By T.J. Bufenbarger
Knoxville, IA — (August 8, 2014) — One of the biggest surprises from the Thursday night program at FVP Knoxville Nationals presented by Casey’s General Store was the performance by Ryan Bunton. Bunton was eleventh fastest in qualifications, fourth in his heat, and finished 15th in the main event. That performance put Bunton a solid eighth in points and in good position to end up in Saturday’s A-Main or in the front or the B-Main event. For Bunton Thursday night’s performance was unfathomable just a few weeks ago.
“Last Saturday we were not going to the National. We didn’t have a motor, both of our motors were down, and luckily Tom Rider came through. Our motor was actually on the dyno last Monday and my parents drove out to Pennsylvania and picked it up. We were just scrambling to get here, we barely made it here yesterday.”
Bunton’s family owned team’s effort paid off when he ran his personal best qualification run that set the table for the rest of his night to be successful.
“14.9 was my personal best time (at Knoxville) at the beginning of the year and to run a 14.8, I just did it at the right time. I wish I could have done a 14.7 That (lap time) would have been in the top tier, those guys that run that it’s just amazing what they do. I was really happy to turn a 14.8.”
Bunton was in the daunting first heat race of the Nationals and was up for the challenge using a late race restart to move into a transfer spot.
“We got a lucky with a restart there and bunched back up and I knew just from racing here if you put a little pressure on someone there is a chance they are going to fail, and we really got lucky to get into that transfer spot. When we took the white flag (the motor) dumped onto seven cylinders.”
The heat race was costly for Bunton’s team though as engine troubles reared their ugly head on the final lap of heat race, but Bunton managed to hold onto a transfer spot. Bunton had to change to an aging short track motor that was down on horsepower.
“The only other motor we had is a 15 year old -12 headed motor, and it probably has about the same horsepower as a 360. We went to start off the A-Main and I noticed that I was feeling water or something pouring all over me. I looked down and before I knew it fuel was just pouring everywhere out of the main. I used up all of my tear offs at the beginning of the race, and I was racing with my helmet about halfway open and had methanol all over me until that red flag.”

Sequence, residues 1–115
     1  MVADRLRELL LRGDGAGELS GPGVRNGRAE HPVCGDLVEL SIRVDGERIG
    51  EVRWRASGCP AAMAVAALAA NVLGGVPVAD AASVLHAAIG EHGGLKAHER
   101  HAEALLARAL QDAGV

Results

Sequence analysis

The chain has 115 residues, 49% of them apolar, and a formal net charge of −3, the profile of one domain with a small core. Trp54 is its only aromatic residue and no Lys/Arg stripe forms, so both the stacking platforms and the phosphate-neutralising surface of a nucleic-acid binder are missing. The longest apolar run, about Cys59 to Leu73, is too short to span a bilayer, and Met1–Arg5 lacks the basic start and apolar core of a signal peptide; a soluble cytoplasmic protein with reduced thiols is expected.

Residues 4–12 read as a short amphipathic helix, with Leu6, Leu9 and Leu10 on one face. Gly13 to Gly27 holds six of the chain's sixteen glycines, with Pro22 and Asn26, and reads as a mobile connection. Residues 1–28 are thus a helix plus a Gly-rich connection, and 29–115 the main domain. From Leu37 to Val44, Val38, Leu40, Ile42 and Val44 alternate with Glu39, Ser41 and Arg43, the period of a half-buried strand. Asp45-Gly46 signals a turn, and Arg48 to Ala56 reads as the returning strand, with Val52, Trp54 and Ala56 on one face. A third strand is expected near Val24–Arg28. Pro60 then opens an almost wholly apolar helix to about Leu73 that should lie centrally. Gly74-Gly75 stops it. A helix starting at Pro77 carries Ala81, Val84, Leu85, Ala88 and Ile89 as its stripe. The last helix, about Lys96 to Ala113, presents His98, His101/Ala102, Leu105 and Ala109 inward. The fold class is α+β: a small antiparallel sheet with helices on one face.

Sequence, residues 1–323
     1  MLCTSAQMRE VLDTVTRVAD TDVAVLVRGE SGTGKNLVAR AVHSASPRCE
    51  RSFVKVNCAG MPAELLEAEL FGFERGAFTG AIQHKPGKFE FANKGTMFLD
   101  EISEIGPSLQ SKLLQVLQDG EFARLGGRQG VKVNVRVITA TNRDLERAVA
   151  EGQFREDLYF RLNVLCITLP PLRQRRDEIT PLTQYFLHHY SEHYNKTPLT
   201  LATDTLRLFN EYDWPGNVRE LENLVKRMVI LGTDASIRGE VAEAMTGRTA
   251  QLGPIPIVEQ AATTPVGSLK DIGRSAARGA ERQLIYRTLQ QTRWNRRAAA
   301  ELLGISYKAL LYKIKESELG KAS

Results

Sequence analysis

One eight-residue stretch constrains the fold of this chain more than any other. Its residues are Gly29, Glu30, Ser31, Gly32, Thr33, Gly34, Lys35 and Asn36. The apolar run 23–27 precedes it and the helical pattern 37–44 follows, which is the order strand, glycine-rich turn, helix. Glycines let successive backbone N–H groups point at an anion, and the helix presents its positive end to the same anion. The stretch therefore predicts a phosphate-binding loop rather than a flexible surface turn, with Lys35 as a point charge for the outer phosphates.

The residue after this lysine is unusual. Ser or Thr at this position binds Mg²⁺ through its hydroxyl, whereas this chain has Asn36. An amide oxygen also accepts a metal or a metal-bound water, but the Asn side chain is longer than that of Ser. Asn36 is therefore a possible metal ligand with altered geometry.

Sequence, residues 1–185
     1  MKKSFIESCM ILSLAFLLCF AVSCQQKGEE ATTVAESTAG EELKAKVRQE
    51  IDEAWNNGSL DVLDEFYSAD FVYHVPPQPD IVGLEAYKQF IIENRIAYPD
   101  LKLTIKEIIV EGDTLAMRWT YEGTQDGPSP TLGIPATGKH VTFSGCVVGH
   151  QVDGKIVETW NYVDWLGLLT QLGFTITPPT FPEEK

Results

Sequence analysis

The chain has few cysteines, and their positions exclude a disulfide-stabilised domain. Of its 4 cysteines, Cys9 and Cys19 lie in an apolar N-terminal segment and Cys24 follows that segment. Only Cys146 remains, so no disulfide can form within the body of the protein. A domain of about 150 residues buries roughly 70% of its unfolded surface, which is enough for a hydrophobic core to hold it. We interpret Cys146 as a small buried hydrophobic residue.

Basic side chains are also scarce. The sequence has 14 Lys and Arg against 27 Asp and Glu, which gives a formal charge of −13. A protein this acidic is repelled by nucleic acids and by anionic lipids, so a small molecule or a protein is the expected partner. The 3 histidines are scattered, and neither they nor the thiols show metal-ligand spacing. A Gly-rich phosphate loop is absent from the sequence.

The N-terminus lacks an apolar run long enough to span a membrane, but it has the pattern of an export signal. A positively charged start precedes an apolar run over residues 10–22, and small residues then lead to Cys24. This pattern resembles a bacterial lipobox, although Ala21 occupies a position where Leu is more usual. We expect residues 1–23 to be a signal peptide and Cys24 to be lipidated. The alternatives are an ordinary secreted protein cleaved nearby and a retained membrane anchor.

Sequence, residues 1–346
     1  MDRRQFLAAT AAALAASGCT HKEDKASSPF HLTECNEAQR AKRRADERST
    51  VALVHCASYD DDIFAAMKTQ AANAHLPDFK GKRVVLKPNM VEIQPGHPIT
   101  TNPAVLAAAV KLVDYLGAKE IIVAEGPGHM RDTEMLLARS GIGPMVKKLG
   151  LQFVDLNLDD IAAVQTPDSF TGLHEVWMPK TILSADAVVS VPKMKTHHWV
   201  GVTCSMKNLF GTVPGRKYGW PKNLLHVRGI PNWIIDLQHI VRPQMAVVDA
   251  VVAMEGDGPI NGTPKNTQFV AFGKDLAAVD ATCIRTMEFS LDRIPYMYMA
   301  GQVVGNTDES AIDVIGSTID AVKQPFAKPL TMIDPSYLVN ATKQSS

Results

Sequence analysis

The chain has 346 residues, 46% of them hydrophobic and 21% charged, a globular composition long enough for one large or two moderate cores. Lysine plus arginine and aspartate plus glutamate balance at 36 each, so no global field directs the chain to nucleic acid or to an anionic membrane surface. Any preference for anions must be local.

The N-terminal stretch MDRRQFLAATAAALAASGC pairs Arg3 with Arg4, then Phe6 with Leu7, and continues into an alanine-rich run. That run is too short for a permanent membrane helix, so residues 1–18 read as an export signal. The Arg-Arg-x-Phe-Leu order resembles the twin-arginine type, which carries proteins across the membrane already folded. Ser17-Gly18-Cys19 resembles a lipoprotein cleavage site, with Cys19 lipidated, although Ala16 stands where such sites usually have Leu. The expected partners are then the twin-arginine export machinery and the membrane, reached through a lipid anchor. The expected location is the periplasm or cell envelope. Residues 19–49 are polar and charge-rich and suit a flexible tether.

After the red flag Bunton ran a smart race and finished 15th place and put his team in good position for Saturday. For a small budget, family owned race team Bunton as still trying to put into words the significance of their success. Engine parts have been ordered overnight for the damaged engine and it should be repaired for Saturday’s finale
“It’s just surreal, last Saturday we were not even going to come (to Knoxville). We went into this with no expectations, tried to have a positive attitude, and do the best we can. Its mind blowing.”
While special paint schemes are plentiful at Nationals Bunton’s car is adorned in camouflage and covered in signatures from various military personnel.
“We do not have any big corporate sponsors or anyone like that. We run a body shop and we didn’t want to put some cheesy paint scheme. We wanted to give back to the people that have given so much to us. It really enlightens a lot of people, they come down sign the car and tell us stories about loved ones and it’s awesome for everyone involved.”
While Bunton’s fate for Saturday has yet to be determined considering the position they were in last week the 2014 National has already been successful.
“It’s been unbelievable. What we have in our entire operation most people have in their engine programs that run here weekly at Knoxville. It really makes us feel good.”